Isaac Jacob Schoenberg

I. J. Schoenberg in 1971

Isaac Jacob Schoenberg (April 21, 1903 February 21, 1990) was a Romanian-American mathematician, known for his discovery of splines.

Life and career

Schoenberg was born in Galaţi. He studied at the University of Iaşi, receiving his M.A. in 1922. From 1922 to 1925 he studied at the Universities of Berlin and Göttingen, working on a topic in analytic number theory suggested by Issai Schur. He presented his thesis to the University of Iași, obtaining his Ph.D. in 1926. In Göttingen, he met Edmund Landau, who arranged a visit for Schoenberg to the Hebrew University of Jerusalem in 1928. During this visit, Schoenberg began his influential work on total positivity and variation-diminishing linear transformations. In 1930, he returned from Jerusalem, and married Landau's daughter Charlotte in Berlin.

In 1930, he was awarded a Rockefeller Fellowship, which enabled him to go to the United States, visiting the University of Chicago, Harvard, and the Institute for Advanced Study in Princeton, New Jersey. From 1935, he taught at Swarthmore College and Colby College. In 1941, he was appointed to the faculty at the University of Pennsylvania. During 19431945 he was released from U. Penn. in order to perform war work as a mathematician at the Aberdeen Proving Ground. It was during this time that he initiated the work for which he is most famous, the theory of splines.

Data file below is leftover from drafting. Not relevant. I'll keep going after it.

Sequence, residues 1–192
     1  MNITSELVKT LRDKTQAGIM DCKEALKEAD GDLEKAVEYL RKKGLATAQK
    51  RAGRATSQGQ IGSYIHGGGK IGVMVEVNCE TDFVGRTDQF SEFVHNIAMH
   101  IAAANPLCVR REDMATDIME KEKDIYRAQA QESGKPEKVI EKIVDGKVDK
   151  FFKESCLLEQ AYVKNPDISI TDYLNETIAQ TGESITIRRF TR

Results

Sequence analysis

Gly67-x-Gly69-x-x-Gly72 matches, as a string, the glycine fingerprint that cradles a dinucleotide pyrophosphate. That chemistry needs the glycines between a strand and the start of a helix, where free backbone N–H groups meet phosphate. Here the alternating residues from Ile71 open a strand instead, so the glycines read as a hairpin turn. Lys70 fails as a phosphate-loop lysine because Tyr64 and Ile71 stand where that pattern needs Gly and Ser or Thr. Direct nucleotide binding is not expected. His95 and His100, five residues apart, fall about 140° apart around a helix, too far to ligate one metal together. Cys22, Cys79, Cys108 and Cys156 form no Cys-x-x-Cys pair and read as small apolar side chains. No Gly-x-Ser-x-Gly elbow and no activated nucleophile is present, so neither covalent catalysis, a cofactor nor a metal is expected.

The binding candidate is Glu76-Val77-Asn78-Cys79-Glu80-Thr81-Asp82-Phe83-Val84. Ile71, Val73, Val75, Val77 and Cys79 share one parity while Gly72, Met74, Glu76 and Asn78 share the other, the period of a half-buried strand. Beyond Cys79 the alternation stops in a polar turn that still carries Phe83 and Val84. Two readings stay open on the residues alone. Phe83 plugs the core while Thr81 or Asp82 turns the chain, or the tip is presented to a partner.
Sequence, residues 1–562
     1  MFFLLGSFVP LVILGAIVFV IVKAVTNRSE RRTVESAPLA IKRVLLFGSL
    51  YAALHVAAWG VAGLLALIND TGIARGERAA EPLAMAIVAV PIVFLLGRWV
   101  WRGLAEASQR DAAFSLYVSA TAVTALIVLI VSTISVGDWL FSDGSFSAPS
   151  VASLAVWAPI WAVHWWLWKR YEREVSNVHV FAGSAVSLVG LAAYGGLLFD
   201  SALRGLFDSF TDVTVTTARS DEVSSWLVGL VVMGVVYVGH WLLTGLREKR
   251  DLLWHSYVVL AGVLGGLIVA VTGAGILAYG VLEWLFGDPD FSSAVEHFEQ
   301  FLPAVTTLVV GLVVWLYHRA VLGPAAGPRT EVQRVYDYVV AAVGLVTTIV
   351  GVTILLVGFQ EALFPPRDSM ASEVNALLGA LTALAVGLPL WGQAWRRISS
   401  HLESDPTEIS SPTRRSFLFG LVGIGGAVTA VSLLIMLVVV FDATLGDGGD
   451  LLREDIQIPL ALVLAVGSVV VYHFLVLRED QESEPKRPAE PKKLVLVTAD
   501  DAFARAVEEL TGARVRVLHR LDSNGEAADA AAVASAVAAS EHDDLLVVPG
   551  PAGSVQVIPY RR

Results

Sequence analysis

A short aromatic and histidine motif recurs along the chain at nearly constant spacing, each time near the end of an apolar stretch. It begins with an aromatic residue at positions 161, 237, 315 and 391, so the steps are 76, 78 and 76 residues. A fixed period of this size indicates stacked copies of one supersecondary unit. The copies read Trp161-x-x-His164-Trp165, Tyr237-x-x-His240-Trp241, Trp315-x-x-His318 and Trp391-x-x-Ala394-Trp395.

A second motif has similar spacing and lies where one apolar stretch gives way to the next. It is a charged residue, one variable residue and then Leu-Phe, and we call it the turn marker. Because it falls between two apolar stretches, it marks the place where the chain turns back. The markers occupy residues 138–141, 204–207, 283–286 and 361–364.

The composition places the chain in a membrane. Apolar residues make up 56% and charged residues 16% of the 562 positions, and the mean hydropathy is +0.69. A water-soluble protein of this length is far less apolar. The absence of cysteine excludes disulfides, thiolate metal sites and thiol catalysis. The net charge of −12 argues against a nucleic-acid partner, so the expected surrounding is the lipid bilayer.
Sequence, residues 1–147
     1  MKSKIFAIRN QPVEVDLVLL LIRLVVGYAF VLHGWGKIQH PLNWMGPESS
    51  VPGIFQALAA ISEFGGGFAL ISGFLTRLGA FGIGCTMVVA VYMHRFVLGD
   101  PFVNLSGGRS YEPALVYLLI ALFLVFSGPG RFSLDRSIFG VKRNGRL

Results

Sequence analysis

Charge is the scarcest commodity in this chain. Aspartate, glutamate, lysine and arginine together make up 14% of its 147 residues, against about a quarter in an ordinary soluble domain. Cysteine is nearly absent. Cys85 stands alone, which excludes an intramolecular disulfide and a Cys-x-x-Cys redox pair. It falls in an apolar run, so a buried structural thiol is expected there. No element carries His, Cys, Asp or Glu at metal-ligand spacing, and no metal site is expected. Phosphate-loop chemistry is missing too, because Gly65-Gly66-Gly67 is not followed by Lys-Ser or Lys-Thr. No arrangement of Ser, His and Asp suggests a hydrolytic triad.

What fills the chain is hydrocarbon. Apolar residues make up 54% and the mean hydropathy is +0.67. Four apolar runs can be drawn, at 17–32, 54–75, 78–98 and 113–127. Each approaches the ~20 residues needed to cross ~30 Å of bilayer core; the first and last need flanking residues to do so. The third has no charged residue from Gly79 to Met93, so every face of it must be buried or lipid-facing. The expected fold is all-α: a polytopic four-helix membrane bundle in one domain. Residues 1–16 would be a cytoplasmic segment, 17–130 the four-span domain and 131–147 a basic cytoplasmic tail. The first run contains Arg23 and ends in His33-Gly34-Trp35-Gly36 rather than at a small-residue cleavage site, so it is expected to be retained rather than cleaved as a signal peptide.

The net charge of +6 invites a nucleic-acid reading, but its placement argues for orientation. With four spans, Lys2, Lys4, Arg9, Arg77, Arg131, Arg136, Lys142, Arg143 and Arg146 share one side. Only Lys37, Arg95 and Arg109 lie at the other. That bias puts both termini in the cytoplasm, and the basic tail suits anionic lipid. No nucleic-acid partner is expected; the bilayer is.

In 1966 he moved to the University of Wisconsin–Madison where he became a member of the Mathematics Research Center. He remained there until he retired in 1973. In 1974 he won a Lester R. Ford Award.[1]



He wrote about 175 papers on many disparate subjects. Around 50 of these were on Splines. He also wrote on Approximation theory, the Kakeya problem, Polya frequency functions, and a problem of Edmund Landau. His coauthors included John von Neumann, Hans Rademacher, Theodore Motzkin, George Polya, A. S. Besicovitch, Gabor Szego, Donald J. Newman, Richard Askey, Bernard Epstein, and Carl de Boor.

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